December 23, 2008

Phish, Others Banned from YouTube (updated video links)

Reports are that Phish videos, along with all videos from Warner Bros. artists, are being banned from YouTube because the record label and the video-sharing site, owned by Google, could not reach a content-sharing agreement. Here is the lowdown from the Wall Street Journal.

File this one under WTF???

Phish only released one "official" video, ever, which was Down with Disease.

So, we can't watch the official version of Down with Disease on YouTube anymore? Hold on ... give me one second to wipe the tears from my keyboard so I can continue.

There are, of course, thousands of other Phish videos on YouTube -- 5,280 to be exact, going by the number of search results I just got by typing Phish into the YouTube search engine. Not to mention Phish's YouTube channel, which is run by the band's own independent label JEMP Records, (stands for Jon, Ernest, Mike, Page, I believe) is still up and running.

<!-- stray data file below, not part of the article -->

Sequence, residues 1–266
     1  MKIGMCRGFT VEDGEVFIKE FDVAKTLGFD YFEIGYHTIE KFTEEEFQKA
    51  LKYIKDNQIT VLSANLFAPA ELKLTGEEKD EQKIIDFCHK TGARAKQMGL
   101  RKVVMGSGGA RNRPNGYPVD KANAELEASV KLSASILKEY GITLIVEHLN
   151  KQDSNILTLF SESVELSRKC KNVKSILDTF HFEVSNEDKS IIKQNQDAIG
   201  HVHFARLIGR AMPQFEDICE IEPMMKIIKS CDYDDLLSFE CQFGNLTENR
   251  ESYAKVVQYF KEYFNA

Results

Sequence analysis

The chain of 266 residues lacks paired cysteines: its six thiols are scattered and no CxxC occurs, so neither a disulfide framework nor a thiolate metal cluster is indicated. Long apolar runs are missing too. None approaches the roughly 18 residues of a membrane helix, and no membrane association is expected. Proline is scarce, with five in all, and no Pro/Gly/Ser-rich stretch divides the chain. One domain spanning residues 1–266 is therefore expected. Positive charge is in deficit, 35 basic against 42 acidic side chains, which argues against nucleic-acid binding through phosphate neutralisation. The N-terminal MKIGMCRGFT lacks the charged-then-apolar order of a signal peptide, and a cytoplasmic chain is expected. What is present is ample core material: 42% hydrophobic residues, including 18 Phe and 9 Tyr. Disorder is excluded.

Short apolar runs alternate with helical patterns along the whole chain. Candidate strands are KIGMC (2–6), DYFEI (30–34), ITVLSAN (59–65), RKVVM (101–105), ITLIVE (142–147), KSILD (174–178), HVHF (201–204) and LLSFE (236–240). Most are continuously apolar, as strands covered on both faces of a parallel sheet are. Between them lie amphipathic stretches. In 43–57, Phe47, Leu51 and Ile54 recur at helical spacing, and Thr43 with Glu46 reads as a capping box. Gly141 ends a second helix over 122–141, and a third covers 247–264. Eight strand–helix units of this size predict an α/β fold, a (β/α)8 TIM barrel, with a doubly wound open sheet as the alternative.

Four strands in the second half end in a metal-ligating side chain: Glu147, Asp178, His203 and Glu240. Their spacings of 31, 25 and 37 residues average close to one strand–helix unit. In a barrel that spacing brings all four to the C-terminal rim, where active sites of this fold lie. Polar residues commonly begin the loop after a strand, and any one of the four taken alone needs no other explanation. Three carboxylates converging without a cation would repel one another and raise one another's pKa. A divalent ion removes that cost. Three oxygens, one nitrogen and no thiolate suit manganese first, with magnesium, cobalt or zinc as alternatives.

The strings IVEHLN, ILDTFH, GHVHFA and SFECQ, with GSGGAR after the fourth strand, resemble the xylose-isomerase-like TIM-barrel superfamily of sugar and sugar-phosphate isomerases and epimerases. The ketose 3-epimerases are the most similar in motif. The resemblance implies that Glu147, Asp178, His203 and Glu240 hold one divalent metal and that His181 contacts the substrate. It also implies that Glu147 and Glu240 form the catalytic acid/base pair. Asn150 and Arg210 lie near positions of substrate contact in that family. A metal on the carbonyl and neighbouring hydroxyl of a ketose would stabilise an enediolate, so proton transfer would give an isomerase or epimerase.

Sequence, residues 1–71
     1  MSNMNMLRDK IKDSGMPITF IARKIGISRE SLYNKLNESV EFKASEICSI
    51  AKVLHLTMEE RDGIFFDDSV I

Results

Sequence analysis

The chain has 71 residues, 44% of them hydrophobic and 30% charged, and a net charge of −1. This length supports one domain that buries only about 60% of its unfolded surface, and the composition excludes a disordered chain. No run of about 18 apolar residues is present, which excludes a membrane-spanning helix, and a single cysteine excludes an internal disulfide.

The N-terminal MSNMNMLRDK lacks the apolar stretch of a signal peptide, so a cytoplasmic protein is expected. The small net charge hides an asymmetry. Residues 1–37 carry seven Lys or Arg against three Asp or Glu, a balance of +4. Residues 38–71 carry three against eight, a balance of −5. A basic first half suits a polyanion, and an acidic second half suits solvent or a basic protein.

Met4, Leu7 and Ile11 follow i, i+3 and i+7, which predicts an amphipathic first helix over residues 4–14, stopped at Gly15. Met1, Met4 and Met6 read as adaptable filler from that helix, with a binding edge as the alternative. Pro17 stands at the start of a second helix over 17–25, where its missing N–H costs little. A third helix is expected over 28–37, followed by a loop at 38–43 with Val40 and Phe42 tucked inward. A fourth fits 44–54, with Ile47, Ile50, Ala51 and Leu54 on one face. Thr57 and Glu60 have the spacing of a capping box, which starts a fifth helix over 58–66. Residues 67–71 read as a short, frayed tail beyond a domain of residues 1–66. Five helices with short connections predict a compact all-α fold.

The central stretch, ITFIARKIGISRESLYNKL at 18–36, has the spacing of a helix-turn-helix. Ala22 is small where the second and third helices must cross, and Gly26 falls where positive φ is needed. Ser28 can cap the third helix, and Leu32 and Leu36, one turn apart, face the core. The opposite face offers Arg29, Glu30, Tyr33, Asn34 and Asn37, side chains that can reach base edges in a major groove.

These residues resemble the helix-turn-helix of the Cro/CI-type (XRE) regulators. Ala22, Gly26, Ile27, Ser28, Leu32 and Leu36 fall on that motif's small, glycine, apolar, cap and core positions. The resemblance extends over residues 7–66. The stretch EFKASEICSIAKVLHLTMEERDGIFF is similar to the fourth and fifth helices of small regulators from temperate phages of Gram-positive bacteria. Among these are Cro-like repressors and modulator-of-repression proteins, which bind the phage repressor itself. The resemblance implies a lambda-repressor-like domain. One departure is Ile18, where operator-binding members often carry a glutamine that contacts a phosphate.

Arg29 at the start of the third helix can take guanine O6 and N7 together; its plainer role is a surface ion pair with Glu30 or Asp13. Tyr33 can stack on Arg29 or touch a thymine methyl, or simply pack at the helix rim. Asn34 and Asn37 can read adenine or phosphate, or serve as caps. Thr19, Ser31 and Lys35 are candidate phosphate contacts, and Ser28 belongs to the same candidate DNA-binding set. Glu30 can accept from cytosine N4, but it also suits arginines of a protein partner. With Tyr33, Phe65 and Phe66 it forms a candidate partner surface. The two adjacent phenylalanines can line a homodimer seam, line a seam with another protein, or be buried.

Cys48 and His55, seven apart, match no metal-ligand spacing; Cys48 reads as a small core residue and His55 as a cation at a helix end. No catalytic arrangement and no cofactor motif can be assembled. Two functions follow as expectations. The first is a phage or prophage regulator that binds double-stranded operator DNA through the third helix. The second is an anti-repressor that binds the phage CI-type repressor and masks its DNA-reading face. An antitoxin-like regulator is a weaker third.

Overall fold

My guess is that Warner Music Group Corp. leaked this information to the Wall Street Journal so that Phish-heads and fans of other Warner's artists, like Neil Young and Madonna, everywhere would be outraged and take out their wrath on Google by boycotting YouTube.

Fat chance.

In fact, here is a killer video of Divided Sky posted over at YouTube -- one of my favorite versions of all time. Additionally, here is a short, albeit awesome, clip of Phish peaking out on Harry Hood from the December 6, 1996 Las Vegas show -- the one where Les Claypool sat in, resulting in (in my opinion) Mike's playing improving ten-fold by the start of the U.S. leg of Summer Tour 2007, as well as his switch to Modulus basses, and is now an official release from the band. And just for kicks, here is a video on YouTube of the Phish memory of all Phish memories ... well, in my book at least ... Heavy Things from Big Cypress.

God, that was so much fun.


Todd Levy said...

Worst news ever.

Where am I gonna get my Goo Goo Dolls fix now?

Seriously, it's a tad ironic that Warner pulled their tubes only two days after You Tube lanched their new "music portal" which in theory is designed to better monetize the music videos so that Google could afford the types of licensing fees Warner is asking.

Either way I think it's safe to say I won't be missing any of these videos too much.


Dooder City said...

seriously, when are we going to find out?"